Generate HTML emails for Opsview service and host alerts

All credit goes to https://github.com/Voxer/nagios-html-email as this is a simple fork and modification of a few lines to get the script working with Opsview.

Generate HTML emails for Opsview service and host alerts. This is a forked version of the nagios-html-email nodejs script with amendments for Opsview.

Instead of choosing service vs hosts notification method in commands.cfg, service or host check is determined by the existence of the env variable passed to the notification script, NAGIOS_SERVICEATTEMPT which should be null for host checks.

Opsview is based on Nagios however notifications and configuration is handled differently. Opsview has done away with the .cfg files and all the configuration takes place in the web interface. Any changes that get made to the .cfg files will mostly get overwritten.

The installation into the commands.cfg, or misccommands.cfg for Opsview gets overwritten on a reload. For the nagios installation instructions please see Voxer/nagios-html-email on Github.

The modifications I have made will stop this working with Nagios.

Tested on Opsview Core 3.20131016.0.14175-1precise1 on Ubuntu 12.04 LTS as of 2014-06-10. a Installation

Generate HTML emails for Opsview service and host alerts

Requires nodejs and npm. Install with your package manager. Below is for Ubuntu

$ ~ sudo apt-get update; sudo apt-get install nodejs npm

Install this package on your opsview server

$ ~ sudo npm install -g opsview-html-email

Check that the opsview-html-email script is in the path of the nagios user.

$ ~ which opsview-html-email

In /usr/local/nagios/libexec/notifications create a symlink to the script

$ ~ ln -s /usr/bin/opsview-html-email /usr/local/nagios/libexec/notifications/opsview-html-email

You can now test this from the command line, but first you will need to export some environment variables for the script to use. This is only for testing. See the Testing section below for better testing.

export NAGIOS_HOSTALIAS="test server alias"
export NAGIOS_CONTACTEMAIL="your.email@domain"
export NAGIOS_SERVICEDESC='CPU Utilisation'
export NAGIOS_HOSTADDRESS='prod1-database.domain'
export NAGIOS_LONGDATETIME='2014-06-10 15:39'

Now you can run

$ ~ opsview-html-email your-opsview-host.domain | sendmail -t

You may have to change sendmail for the mail daemon configured on your server. You can also not pipe to sendmail to see the raw HTML output.

Now in your Opsview web interface, add a new Notification method. Name it whatever suits and add the command as opsview-html-email your-opsview-server.domain | sendmail -t

Also add EMAIL as a variable underneath. Otherwise the NAGIOS_CONTACTEMAIL env variable will not get passed into the script, and your emails will get sent to dummy@localhots

You should be able to add your new notification method to existing or new notification profiles and start generating HTML emails from Opsview. I added mine alongside existing notification methods in case it didn't work so I still recieved alerts.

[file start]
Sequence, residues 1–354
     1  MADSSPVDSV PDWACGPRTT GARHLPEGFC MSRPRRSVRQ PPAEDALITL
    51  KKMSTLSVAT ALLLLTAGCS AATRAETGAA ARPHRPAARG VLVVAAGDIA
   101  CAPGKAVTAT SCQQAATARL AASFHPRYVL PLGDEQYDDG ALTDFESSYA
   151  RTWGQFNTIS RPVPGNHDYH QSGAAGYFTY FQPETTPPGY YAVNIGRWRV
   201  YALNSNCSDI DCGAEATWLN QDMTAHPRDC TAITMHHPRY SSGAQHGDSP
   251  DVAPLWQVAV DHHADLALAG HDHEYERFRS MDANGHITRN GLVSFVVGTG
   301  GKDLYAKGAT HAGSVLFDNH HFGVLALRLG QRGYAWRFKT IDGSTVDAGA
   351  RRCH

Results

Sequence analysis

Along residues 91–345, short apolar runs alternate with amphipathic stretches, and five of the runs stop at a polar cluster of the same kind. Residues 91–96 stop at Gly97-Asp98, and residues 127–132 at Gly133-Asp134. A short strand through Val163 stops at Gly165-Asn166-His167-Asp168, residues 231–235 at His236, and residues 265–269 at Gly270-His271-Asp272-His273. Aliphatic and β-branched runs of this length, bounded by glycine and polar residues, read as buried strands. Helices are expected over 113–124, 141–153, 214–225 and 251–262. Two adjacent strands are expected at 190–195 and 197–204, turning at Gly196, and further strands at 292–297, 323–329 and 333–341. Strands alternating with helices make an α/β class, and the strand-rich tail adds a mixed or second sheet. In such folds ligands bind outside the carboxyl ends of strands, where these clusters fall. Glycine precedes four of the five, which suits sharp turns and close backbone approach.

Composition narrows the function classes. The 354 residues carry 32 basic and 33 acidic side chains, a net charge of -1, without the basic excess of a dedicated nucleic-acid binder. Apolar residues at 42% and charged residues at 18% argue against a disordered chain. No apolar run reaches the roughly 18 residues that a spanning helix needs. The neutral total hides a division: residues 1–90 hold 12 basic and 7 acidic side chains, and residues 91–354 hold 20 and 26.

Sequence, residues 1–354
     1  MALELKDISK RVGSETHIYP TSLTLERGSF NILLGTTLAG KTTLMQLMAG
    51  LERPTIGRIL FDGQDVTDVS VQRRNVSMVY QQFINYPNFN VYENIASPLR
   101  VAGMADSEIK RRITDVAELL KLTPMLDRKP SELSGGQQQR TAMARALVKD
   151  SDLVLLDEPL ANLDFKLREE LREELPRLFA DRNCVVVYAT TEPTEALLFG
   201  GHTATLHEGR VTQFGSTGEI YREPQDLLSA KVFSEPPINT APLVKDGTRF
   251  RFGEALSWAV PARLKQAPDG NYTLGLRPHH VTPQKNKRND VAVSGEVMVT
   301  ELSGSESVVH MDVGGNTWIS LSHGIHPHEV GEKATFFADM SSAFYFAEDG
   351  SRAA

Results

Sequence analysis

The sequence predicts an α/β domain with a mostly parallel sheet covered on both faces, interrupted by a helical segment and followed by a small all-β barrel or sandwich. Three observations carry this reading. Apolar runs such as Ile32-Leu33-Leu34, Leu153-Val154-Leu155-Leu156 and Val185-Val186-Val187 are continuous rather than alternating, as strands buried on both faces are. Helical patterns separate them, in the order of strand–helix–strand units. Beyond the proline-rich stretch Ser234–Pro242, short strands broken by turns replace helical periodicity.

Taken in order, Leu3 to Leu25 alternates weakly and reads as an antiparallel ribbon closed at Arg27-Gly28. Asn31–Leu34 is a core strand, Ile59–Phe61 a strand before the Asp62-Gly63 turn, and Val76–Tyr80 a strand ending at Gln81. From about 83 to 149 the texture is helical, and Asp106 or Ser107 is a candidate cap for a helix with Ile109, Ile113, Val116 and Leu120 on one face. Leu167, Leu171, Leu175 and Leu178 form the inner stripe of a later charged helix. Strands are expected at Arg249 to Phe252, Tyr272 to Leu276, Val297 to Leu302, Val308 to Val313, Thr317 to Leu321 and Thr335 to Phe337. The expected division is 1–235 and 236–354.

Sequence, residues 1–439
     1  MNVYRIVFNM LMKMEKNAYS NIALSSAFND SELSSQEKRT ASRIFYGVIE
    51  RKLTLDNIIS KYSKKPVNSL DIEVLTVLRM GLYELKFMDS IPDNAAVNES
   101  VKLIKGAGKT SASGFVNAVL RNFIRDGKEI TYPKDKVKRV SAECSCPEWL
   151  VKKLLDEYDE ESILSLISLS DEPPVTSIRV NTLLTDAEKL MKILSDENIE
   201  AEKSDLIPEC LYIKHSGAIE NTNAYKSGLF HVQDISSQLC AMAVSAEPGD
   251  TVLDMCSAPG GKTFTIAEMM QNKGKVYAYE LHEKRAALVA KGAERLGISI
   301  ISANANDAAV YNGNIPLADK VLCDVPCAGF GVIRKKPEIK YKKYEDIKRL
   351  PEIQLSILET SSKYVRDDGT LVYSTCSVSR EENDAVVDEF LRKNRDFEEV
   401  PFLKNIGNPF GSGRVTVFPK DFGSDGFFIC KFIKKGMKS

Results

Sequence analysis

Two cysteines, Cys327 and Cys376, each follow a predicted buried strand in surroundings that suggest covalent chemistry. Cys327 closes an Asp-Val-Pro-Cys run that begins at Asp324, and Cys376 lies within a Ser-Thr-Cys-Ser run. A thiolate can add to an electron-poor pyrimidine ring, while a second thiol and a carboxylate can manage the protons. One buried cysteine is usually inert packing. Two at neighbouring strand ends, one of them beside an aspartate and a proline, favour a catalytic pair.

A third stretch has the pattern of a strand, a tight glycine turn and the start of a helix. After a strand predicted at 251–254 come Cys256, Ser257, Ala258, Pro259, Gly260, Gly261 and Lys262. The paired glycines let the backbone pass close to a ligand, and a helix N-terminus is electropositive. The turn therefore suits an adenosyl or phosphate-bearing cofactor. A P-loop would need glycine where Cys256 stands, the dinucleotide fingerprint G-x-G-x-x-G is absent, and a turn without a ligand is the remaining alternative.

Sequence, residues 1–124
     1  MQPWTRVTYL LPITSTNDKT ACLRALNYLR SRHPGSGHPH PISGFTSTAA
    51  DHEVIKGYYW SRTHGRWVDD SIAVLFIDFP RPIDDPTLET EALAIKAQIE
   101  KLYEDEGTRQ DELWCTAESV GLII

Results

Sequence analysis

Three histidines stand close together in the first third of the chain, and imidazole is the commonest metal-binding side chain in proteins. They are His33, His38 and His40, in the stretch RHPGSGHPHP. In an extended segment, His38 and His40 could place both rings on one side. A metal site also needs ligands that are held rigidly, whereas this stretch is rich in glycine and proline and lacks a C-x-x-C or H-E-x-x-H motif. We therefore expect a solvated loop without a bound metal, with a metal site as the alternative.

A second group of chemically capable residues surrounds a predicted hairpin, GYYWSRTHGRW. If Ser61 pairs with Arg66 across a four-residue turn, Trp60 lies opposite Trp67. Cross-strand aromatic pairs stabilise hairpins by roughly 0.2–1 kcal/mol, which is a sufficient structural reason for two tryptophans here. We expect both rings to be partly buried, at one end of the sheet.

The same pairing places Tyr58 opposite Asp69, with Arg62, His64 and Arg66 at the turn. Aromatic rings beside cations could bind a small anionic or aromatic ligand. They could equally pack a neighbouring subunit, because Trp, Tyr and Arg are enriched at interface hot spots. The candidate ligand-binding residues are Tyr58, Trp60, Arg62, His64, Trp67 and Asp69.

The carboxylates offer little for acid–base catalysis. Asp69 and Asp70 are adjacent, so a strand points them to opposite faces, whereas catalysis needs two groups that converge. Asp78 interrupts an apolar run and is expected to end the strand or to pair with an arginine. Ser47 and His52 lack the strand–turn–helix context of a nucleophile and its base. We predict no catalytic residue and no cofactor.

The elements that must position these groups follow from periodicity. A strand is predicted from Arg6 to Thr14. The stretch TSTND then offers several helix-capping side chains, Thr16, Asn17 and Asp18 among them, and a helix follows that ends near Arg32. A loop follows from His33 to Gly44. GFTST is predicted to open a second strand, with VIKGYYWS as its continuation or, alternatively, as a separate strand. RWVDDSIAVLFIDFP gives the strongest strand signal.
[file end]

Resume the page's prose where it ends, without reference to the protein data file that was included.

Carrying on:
Have a look at the troubleshooting section if your emails come through as just JSON or raise an issue.

I have updated the templates slightly so they will appear different to the screenshots here. Only slightly though.

A critical service

The service recovery, threaded because the subject is the same

Host recovery

I have skipped the advanced usage step for now as I haven't found out if it works with Opsview yet. Will add in later following some testing!

By default, this program will use builtin templates for host and service alerts. You can use your own templates by supplying -t <dir> to point to a directory with your templates.

See templates/ to see the builtin templates.

Templates are rendered using EJS, and have these variables available for you to use.

  • nagios: this object contains all of the Nagios variables found as environmental variables. For example, nagios.CONTACTEMAIL, nagios.HOSTSTATE, etc. Any variable you could access as a macro like $MACRONAME$ will be avaliable as nagios.MACRONAME.
  • args: this array contains all of the command line arguments after the type argument. For instance, if the program is invoked as nagios-html-email -t /etc/templates -s subject service foo bar baz the array will be set to ['foo', 'bar', 'baz'].
  • package: package.json from this module as an object; this can be used to get information like package.version, etc.

A custom template dir, if you supply one, should contain at least a host.html.ejs and service.html.ejs file for host and service alerts respectively.

Most likely, the path with nagios-html-email in it is not in the PATH variable for the Nagios server. Ensure the path given by which nagios-html-email is in the PATH of the Nagios server.

This means that a template failed to render. Instead of failing to send an email, this program will do everything it can to make sure you get an email, even if it isn't pretty.

Since variables are passed as either command line arguments or environmental variables, all variables are of type String. You must expliticly cast any values you know to be numbers, booleans, dates, etc. to their correct data type.

**Not sure if this works with Opsview. Haven't tested or found a need for this in my server. **

You can still use this program, just pass the variables you would like to use as command line arguments, and access them in your template as args[0], args[1], etc. For example:

define command {
    command_name notify-service-by-email
    command_line nagios-html-email -s "** $NOTIFICATIONTYPE$ Service Alert: $HOSTALIAS$/$SERVICEDESC$ is $SERVICESTATE$ **" -a $CONTACTEMAIL$ service | mailx -t

However, from experience, passing environmental variables won't cause too much of a performance penality. I'd recommend turning it on for a bit to see how it affects your latency before turning off such an amazing feature.